Love Language

By Jasmine Parish

Illustrated by Dani Rueda

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I love my mother’s cooking. I am almost positive she learned how to cook from the gods themselves. Every dish is made to perfection. I swear she can make everything taste like a five-star meal. For as long as I can remember she has been cooking, constantly in the kitchen. Not because she has to but because she wants to. Cooking is her love language. Feeling sad? Chocolate is nature’s mood booster. Feeling stressed? Here’s a plate of colorful fruits to relax. Feeling angry? Here you go mi amor, a nice bowl of chicken soup to calm the soul. There is no pain or worry that can’t be solved with her food. I treasure every bite, savoring it. But if I’m being honest, I used to hate my mother’s cooking. Not because it tasted bad, she could never make such a thing. I hated her cooking because it was different. She was different. I was different. We were different. And I hated being different. 

It began in elementary school. The lunch she packed in my blue lunchbox stood out. As soon as I would sit down and open up the Tupperware, the smell of her homemade food would pollute the air. I would try to hide the smell, air it out, and hope no one would notice. But whether it was spicy chiles rellenos, warm caldo de res or savory pozole, the other kids always noticed.

“What’s that smell?”

“What are you eating?”

“It looks weird”

Instantly my face would turn red— hotter than the tortillas she would neatly wrap in aluminum foil. I would then spend the rest of lunch eating my food secretly, embarrassed at the food my mom worked so hard to make. It got to the point where I would just throw it away, tender chicken tamales and their rough husk hitting the black trash bag with one of her little love notes following close behind. Horas de trabajo en la basura. Hours of work in the trash.

I told her to stop making me lunch. I forbid her from speaking her love language. I traded my homemade enchiladas for cafeteria pizza on plastic trays, pretending to enjoy every bite. Finally, I fit in— or so I thought.

The truth is, I could never fit in. I thought the food was what gave me away. But everything about me betrayed me: my skin, my curly hair, my accent. I was a Mexican-Iranian child living in a foreign country. I tried to assimilate. To embody the great American Dream. But I was living a lie. A straight hair, English only, frozen chicken nuggets lie. No matter how much of my culture I hid and how many changes I made, I was the punchline for bad jokes and I still stuck out amongst my classmates. I was still different and the mask I hid behind became more and more uncomfortable. I missed mi cultura; the sense of belonging somewhere. The richness. The beauty. The flavors. Oh, how I missed the food, and the tender hands that prepared it. How dare I reject the hands that once fed me? The callouses and wrinkles, they were distinct. My mother was different. I was different. Our food was different. I needed to stop starving myself of my culture.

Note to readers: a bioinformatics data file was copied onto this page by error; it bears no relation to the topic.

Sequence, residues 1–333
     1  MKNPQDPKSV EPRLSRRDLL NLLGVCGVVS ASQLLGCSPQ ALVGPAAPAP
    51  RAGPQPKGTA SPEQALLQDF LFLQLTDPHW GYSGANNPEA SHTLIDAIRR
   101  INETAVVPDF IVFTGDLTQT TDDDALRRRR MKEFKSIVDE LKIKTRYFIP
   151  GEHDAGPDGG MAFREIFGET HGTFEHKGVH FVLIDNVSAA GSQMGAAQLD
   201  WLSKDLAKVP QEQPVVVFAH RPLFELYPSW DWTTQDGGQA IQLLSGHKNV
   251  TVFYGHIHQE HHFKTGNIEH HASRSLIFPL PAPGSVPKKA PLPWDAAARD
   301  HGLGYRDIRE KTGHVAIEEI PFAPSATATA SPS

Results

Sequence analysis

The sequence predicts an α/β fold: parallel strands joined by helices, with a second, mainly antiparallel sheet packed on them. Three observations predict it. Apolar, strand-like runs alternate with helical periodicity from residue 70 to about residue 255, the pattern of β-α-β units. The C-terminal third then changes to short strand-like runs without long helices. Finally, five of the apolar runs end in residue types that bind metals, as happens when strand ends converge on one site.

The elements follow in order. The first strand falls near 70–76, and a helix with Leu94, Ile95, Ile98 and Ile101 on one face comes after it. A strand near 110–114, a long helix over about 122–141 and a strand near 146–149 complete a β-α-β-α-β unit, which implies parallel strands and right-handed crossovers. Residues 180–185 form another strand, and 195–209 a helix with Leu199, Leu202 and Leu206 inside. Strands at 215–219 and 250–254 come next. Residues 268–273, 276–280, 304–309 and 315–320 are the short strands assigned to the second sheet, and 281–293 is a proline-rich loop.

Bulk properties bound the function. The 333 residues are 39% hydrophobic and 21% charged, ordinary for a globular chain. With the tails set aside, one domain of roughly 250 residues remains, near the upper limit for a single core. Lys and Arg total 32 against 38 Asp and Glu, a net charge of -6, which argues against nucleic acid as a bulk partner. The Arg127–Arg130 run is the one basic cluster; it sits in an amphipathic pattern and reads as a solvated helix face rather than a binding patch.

Away with the green lunch trays and in with the blue lunchbox. Pride. From mole to tostadas, I learned to enjoy every bite. My mother left everything behind when she came to the United States. But food? That was something that didn’t need to fit in a carry-on. Every recipe memorized, she brought a piece of her home with her and  shared it with me. Food was the connection between the two worlds I felt torn between as a child. Perhaps she cooked because she wanted me to learn about our culture, because she wanted me to feel loved, because she wanted me to feel at home in this country, or because she wanted to cling on to the one thing they couldn’t take from her: English replaced Spanish, the suburbs replaced el rancho, but the food remained. That was something they could never take. 

I am growing up now. I went from carrying a sparkly blue backpack to carrying the weight of being the eldest daughter in an immigrant family. I spend hours on the computer, reading, writing, and studying. Worrying about my ability to one day provide a better life not just for myself but for my parents and brother. Yet through it all, without fail, a plate of food always appears at my side.

“No te estreses mija, come fruitita, te va ayudar.”  

“Do not stress sweetheart, eat some fruit, it’ll help.”

I wonder how much more I will change when I leave home too. When my own bags are full of clothes and books and dreams and it becomes my turn to memorize the recipes. I am a horrible cook, but I plan on keeping every spoonful of my mother’s legacy alive. I just hope my kids never feel ashamed of it. I pray they embrace the smell, the spice, and the warmth, just as much as they embrace the hands that created it. That they understand that every bite is a connection to the motherland. That they take pride in their culture, the culture mi mamá fought so hard to maintain. Cooking is our love language.